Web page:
Born in Czechoslovakia in 1884, Frederick Kann trained as an artist in Prague and exhibited with the German Expressionist group Die Brücke before immigrating to the United States. He worked in New York as a freelance artist and became a naturalized citizen in 1910. Then, from 1927 to 1936, Kann moved to Paris, where he exhibited alongside abstract artists such as Wassily Kandinsky, Piet Mondrian and Robert Delaunay. He returned to the United States in 1936 to teach at the Kansas City Art Institute.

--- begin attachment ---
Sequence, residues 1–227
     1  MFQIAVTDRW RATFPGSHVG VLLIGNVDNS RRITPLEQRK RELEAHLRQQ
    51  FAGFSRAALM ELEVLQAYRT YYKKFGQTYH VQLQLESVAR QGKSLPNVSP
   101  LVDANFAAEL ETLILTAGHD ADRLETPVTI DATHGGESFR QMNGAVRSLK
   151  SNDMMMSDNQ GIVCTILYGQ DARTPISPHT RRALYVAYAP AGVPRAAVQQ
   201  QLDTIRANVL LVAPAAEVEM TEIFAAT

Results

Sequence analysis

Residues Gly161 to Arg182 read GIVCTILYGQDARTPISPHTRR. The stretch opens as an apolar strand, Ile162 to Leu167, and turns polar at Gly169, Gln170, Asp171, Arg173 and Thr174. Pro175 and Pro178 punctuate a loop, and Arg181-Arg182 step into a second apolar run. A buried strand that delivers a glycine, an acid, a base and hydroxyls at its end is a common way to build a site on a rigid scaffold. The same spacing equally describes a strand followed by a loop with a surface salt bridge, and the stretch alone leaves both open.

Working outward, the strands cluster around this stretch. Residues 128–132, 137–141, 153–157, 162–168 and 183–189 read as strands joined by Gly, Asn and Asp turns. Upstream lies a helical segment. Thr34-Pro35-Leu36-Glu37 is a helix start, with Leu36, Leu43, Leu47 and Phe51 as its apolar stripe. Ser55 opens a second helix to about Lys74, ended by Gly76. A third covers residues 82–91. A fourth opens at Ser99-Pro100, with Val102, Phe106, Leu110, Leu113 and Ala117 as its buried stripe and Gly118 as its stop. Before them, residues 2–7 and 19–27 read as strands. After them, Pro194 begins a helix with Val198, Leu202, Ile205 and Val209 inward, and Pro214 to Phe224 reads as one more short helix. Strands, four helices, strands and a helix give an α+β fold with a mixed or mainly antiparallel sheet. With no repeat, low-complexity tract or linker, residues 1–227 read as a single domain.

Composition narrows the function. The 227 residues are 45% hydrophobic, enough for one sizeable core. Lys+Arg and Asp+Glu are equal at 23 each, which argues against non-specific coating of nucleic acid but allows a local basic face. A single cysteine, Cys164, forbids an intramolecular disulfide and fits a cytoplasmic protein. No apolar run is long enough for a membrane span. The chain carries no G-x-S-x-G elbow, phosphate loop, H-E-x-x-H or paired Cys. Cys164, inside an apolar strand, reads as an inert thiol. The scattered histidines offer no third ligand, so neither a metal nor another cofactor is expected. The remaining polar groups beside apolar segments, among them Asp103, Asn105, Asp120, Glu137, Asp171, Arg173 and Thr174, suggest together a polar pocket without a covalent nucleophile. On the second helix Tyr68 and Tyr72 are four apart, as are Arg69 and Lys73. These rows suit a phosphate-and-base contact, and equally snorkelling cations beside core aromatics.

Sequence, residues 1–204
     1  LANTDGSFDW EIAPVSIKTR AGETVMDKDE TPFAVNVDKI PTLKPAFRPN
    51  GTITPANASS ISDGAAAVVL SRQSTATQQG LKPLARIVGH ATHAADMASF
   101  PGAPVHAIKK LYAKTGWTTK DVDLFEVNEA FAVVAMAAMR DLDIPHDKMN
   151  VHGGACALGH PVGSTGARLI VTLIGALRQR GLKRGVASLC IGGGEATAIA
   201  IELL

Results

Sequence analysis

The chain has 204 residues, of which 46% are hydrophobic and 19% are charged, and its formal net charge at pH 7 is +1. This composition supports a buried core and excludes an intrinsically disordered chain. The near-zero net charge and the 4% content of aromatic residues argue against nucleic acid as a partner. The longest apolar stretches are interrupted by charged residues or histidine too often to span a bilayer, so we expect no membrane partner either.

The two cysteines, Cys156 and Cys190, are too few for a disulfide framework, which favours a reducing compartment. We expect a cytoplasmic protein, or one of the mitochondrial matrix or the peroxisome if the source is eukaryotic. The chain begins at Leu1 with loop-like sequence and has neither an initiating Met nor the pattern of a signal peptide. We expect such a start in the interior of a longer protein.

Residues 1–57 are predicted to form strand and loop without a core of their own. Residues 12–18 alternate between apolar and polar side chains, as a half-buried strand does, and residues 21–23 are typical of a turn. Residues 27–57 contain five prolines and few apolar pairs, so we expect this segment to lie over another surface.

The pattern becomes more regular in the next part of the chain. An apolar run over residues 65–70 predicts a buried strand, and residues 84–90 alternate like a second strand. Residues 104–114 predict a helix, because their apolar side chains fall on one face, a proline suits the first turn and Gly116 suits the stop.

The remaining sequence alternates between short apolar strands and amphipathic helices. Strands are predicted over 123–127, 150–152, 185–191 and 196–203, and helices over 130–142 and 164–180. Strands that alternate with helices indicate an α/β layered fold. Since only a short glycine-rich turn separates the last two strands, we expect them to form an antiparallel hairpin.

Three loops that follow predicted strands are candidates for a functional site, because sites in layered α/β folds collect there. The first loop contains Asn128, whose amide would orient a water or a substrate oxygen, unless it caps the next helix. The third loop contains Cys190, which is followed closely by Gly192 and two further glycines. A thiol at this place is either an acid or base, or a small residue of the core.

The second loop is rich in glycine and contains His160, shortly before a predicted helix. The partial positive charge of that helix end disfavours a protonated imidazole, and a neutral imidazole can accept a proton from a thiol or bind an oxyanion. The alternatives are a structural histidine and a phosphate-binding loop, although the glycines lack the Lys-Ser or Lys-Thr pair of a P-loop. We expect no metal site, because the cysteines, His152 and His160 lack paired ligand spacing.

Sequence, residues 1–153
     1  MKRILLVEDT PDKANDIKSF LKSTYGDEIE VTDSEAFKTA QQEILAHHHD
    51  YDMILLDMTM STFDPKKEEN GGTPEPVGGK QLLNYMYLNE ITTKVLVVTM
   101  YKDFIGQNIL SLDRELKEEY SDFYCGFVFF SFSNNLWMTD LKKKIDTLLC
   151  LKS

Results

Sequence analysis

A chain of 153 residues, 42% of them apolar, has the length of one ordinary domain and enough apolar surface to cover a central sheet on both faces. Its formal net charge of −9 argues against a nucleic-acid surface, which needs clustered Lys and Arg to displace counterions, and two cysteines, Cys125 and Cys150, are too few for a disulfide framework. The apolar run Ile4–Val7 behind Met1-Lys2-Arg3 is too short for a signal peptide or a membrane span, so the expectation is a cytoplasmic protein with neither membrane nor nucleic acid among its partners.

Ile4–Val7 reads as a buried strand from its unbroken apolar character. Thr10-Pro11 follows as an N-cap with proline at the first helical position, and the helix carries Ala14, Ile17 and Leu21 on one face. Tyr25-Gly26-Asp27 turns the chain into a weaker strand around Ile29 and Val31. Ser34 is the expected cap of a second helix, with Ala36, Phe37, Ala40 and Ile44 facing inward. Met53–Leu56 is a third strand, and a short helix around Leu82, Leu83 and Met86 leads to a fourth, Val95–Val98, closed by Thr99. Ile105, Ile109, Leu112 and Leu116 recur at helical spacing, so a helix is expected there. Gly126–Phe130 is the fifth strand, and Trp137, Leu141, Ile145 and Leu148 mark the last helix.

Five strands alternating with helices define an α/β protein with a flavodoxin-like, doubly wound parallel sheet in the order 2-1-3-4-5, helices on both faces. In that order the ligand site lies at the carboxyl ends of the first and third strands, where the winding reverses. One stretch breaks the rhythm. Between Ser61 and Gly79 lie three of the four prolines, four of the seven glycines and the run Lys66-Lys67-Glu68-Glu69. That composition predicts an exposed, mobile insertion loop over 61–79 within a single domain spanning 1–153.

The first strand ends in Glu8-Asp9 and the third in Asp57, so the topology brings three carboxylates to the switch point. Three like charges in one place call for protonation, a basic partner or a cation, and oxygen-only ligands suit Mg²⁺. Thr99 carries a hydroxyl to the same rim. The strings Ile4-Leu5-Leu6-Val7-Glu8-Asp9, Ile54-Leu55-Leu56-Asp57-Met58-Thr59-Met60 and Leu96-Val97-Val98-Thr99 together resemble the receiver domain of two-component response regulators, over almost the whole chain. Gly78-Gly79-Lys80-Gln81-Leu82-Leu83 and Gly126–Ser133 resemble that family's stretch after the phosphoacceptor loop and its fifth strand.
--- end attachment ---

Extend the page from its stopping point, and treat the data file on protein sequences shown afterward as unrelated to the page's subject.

Kann was a founding member of the American Abstract Artists, a group dedicated to promoting the understanding and acceptance of abstract art, and notably exhibited at the Museum of Modern Art and Solomon R. Guggenheim Museum, New York in the 1940s. His three-dimensional purist compositions, as embodied by the present work, stress the dynamic power created through the linking of lines and color planes.